Possible Core Standards Tie-in: K.2.2 (relationships between animals and their habitats), 1.2.2 (Patterns of shared adaptations), 2.2.1 (patterns of living things in habitats), 2.2.2 (structure and function of adaptations), 2.2.4 (mimicking adaptations), 3.3.5 (adaptations are specific to habitats), 4.1.1 (structures support survival),
Which animals seem like they are designed to be dogs for mermaids? Is that your final answer? Gear up your brains for this game-show-style program featuring everyone’s favorite mermaid puppies, the seals and sea lions! Learn about the adaptations that make them ideally suited for living on rocky coastlines. Plus, learn about how humans mimic animal adaptations, even when caring for our pinnipeds here at the Zoo!
Topics Covered: Animal adaptations, seals and sea lions, animals and their habitats, form and function of adaptations
Recommended Age: 5-10
Possible Core Standards Tie-in: K.2.2 (relationships between animals and their habitats), 1.2.2 (patterns of adaptations, similar habitats =similar adaptations), 2.2.1 (patterns of living things in given habitats), 2.2.2 (Structure and function of animal adaptations), 2.2.4 (Design a solution to a human problem by mimicking animal adaptations), 3.3.5 (adaptations are specific to habitats), 4.1.1 (structures support survival)
Recommended for fans of Reptiles and Amphibians, this class is all about the unique adaptations of our scaly and squishy friends. Meet some live animal ambassadors, go on a scavenger hunt, and follow along as we play a scaly Simon says to discover how reptile and amphibian adaptations mirror some super-human traits of our favorite action heroes.
Topics Covered: Reptiles/Amphibians, animal adaptation
Recommended Ages: K-4
Possible Core Standards Tie-in: K.2.2 (animals live in places that meet their needs), 1.2.2 (Patterns of shared adaptations), 2.2.1 (Patterns of shared adaptations), 2.2.2 (structure and function of adaptations for survival), 3.3.5 (adaptations are specific to habitats), 4.1.1 (structures support survival)
Have you ever wondered how we train animals here at the Zoo? In this class geared towards little learners, we talk about how important it is for animals to listen to their keepers, just like students need to listen to their teachers. We’ll also talk about how animals find their spots (or targets) for training- just like you might find your desk or cubby, and how we teach animals new things. We’ll play games, tell stories, and see the training of all sorts of Zoo animals.
Topics Covered: Training, Life skills: Following instructions
Recommended Ages: Pre K -2nd Grade
Learn all about the meerkats and the remarkable social structure they have as they take turns building their home, keeping watch for their predators, and hunting their venomous and poisonous prey. We’ll get into the spirit of meerkat mob learning and cooperation by playing Simon Says and talking about how humans divide up chores. We may even get to take a walk through the Zoo to go and visit the meerkats themselves.
Topics Covered: Meerkats, Life skills: Cooperation
Recommended Ages: Pre K – 2nd Grade
Get an up-close encounter with some of UHZ’s smallest residents as we meet three of our Ambassador Animals in our most versatile program. Our small animals include invertebrates, amphibians, reptiles, and some mammals. Because our Ambassador Animals choose whether or not to participate in programming, we can’t promise specific animals, but we will try to fit your desired topic as closely as possible.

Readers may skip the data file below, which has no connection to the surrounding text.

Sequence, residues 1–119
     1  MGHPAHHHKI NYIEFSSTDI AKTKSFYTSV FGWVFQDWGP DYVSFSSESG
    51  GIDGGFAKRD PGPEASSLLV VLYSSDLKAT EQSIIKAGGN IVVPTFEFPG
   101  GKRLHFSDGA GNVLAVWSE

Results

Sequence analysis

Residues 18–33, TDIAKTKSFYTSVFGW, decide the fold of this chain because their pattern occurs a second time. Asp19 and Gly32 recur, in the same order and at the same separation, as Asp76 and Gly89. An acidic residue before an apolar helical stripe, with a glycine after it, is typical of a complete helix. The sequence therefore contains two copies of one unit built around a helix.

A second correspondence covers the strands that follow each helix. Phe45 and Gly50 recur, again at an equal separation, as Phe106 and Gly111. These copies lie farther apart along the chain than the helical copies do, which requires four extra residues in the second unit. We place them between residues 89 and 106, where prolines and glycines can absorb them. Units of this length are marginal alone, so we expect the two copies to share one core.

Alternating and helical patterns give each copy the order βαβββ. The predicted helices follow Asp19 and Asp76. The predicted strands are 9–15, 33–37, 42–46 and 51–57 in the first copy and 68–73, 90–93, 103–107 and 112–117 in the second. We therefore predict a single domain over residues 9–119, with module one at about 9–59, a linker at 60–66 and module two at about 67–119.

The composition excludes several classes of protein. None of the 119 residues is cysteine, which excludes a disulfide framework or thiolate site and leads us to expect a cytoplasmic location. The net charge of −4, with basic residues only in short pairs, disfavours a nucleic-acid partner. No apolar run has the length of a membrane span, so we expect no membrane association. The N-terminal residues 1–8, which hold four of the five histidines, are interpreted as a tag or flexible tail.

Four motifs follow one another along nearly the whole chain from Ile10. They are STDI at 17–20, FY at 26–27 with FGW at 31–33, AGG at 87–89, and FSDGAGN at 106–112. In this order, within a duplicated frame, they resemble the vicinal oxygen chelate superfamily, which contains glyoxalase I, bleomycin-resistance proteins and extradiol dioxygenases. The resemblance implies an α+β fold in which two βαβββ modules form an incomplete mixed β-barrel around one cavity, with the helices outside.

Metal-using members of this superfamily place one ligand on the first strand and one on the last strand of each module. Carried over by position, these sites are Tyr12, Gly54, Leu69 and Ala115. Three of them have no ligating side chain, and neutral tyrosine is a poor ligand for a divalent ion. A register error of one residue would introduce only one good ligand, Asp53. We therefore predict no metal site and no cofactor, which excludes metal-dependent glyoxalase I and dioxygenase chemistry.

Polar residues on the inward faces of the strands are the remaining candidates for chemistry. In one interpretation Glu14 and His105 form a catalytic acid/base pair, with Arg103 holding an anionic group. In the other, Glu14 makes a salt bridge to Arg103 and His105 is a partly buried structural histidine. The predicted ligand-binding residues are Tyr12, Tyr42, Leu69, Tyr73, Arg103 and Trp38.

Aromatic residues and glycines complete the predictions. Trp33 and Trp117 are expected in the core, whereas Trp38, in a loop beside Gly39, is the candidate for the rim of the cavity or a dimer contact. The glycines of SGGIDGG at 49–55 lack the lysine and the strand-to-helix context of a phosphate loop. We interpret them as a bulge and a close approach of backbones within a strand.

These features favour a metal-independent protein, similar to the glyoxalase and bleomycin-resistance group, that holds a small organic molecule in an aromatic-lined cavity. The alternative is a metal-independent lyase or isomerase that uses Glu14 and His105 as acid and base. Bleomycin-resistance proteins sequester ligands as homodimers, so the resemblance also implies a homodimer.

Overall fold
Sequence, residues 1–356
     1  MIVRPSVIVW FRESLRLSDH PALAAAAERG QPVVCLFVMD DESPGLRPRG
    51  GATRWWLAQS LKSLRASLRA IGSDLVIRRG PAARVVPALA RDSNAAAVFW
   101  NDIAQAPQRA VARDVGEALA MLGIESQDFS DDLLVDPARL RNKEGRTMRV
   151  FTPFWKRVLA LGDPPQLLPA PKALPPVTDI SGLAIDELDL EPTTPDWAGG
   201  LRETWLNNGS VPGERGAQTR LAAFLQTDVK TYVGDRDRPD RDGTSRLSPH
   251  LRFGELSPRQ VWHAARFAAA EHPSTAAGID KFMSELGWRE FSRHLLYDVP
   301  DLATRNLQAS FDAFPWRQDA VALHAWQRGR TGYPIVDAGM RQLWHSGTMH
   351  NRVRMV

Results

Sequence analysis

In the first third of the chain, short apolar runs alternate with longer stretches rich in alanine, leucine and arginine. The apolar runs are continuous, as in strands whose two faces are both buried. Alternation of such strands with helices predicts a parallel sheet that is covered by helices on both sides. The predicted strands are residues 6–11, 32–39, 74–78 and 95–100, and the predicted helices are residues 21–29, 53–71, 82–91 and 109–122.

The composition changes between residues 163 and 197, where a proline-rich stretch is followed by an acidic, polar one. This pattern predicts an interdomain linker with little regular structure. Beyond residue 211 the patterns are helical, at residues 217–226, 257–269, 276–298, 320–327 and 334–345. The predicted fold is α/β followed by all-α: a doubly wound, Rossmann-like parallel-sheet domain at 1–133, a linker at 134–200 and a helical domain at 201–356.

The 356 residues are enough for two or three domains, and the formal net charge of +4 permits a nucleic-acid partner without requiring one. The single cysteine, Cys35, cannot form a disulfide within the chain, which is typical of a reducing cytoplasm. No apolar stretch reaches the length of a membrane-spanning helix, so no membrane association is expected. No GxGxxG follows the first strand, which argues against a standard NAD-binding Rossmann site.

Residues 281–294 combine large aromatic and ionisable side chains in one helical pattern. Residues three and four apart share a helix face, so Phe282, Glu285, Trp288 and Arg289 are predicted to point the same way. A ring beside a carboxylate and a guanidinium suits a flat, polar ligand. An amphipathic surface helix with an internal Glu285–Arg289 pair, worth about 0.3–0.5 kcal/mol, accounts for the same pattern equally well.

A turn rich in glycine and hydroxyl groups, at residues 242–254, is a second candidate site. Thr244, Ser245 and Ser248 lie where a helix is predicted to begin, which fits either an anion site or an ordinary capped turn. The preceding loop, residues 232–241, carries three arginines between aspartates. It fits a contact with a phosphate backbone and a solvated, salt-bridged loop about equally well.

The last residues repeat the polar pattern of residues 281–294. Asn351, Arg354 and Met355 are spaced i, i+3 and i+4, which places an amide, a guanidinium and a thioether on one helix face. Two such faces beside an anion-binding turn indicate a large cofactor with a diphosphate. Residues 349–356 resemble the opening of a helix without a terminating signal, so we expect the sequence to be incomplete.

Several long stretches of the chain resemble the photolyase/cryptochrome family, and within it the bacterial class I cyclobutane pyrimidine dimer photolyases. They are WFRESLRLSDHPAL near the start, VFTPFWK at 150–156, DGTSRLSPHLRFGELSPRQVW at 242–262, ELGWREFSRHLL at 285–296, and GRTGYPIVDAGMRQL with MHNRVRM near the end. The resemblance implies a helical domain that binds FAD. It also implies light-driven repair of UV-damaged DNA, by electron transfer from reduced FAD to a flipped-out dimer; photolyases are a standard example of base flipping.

Topics Covered: Any
Recommended Age: Any
Possible Core Standards Tie-in: Any
This game show-style program covers all sorts of Zoo trivia. It can be altered to fit any topic or grade level. It includes vocalizations, fun facts, visits from animal ambassadors, and information about animal conservation and how participants can protect wild things and places. Perfect for high school and adult groups who are looking to get a little competitive.
Topics Covered: Animal conservation, fun facts, animal sounds, family trees (taxonomy), and animal distributions are pre-included, but any of these topics can be swapped for a topic of your choice
Recommended Age: 7th Grade to Adult. Information can be changed to make it grade-appropriate; this program is more engaging for audiences aged middle school and older
Possible Core Standards Tie-in: Any
Great for scout groups, families of avid hikers, or adults looking to develop their artistic side while enjoying nature, this class introduces participants to the concept of nature journaling — spending time to observe nature and write and draw your observations. Together, you’ll craft your very own nature journal and talk about the different kinds of entries you can make, discuss some general sketching techniques, and head out into the Zoo to make our first entry.
Topics Covered: Nature play, Naturalists, Back yard conservation, local ecology, wildlife research and study
Recommended Age: 4th Grade to adult
Materials Needed: Cardstock, 4 sheets computer paper, scissors, glue stick (optional), pencil, rubber band, and stick from a nature walk about the size of a pencil (a chopstick also works if not available)
In this class, we will journey to the highlands of Asia to meet the people and animals that call the Himalayas home. Using watercolors, we will learn some techniques of Chinese paintings and calligraphy as we discuss how learning about foreign cultures is an integral part of conservation efforts. You’ll also discover how came hair yarn and goat insurance are helping to save snow leopards by solving people’s problems first, in the new wave of conservation where humans are the heroes of the story.
Topics Covered: Conservation, Coexistence, Human-wildlife conflict, Zoos as conservation organizations. Chinese painting
Recommended Age: High School to Adult
Materials Needed: Paper, watercolor paints, a cup of rising water, watercolor brush
In this class, we’ll talk about what it takes to become a Zookeeper and what you should know if you are considering a career in the Zoo field. We’ll also talk about other jobs around the Zoo. People tend to think about Zookeepers and veterinarians but did you know you could be a Zoo artist? Or an accountant? It takes a village to run a Zoo, and there are lots of fun jobs to consider if you want to work around animals.
Topics Covered: ZooKeeper Pros and Cons, Job stats, Zoo jobs, how to get started
Recommended age: 14+
Take a trip down memory lane as we explore the long and wild history of Utah’s Hogle Zoo. We have learned a lot over the past 100 years. Test your memory with some trivia, meet some of the Zoo’s oldest animals, and learn why we’ve made some of the changes that we have over the years. What is the oldest statue on Zoo grounds? What did the Zoo do when the city threatened to turn off the water? How did we survive the Great Depression? Why are bows and arrows no longer allowed on Zoo grounds? Learn this and more in this tea time class on Zoo history.
Topics Covered: Zoo history, AZA accreditation, Zoos as Conservation Organizations
Recommended Age: Adult